Do you need a serious requirements document?

Some don’t seem to think so,–did-it-deliver-.html

Getting everyone on board still can be an issue, however. “One of my guys keeps telling me that he would like to have more specified requirements. I keep telling him we’re going faster because we don’t have specified requirements,” Weston says. A hardcore requirements document is a “waste of time,” he adds.

When I see comments like this I immediately want to know

  1. what is the domain?
  2. Is your industry regulated or safety critical?
  3. how large is the overall effort?
  4. what other systems does your product interact with?
  5. who are the customers? How many? how diverse?
  6. who are the other stakeholders?
  7. how long do you expect the product to be in use?

Without context, I don’t now what to make of a statement like “A hardcore requirements document is a “waste of time,”. If, for example you are doing embedded systems in a medical device or changing a component inside a bank’s accounting system  I think I’d want the requirements stated pretty explicitly.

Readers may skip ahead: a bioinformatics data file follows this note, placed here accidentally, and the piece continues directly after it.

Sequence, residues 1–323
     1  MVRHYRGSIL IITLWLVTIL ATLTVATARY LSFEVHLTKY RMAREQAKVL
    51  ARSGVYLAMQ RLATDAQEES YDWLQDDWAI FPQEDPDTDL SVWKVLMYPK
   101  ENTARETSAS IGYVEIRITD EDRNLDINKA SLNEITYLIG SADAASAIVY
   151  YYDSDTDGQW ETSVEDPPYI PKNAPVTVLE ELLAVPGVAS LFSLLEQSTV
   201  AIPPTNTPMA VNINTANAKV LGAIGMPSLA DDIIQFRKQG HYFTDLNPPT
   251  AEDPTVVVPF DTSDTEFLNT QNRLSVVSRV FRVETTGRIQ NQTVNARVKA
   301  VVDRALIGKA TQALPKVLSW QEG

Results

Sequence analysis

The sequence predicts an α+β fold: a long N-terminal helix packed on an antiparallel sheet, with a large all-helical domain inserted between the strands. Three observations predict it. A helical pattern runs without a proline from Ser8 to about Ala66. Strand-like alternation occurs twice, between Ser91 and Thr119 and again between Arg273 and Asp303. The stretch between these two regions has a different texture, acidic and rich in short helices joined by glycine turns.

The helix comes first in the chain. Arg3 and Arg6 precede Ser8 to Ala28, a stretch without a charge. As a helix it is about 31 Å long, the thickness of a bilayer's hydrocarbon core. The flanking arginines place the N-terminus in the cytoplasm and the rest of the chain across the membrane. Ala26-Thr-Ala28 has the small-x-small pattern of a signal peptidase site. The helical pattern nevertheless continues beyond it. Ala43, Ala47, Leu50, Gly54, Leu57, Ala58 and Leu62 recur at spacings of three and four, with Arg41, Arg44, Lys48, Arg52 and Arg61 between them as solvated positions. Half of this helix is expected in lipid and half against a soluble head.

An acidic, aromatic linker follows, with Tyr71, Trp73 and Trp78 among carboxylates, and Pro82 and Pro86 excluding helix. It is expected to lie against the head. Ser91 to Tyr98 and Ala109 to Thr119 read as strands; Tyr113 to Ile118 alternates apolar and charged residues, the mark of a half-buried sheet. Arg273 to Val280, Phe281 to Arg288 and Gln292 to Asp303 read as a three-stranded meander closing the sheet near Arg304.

Some documents are a waste of time, sometimes they are part of the delivery.   Often they are tool to make communication precise, persistent, distributable  and reviewable.  Context matters.


About Bill Nichols

PhD in Physics from Carnegie Mellon University I'm a software team coach and instructor with the TSP Team at the Software Engineering Institute
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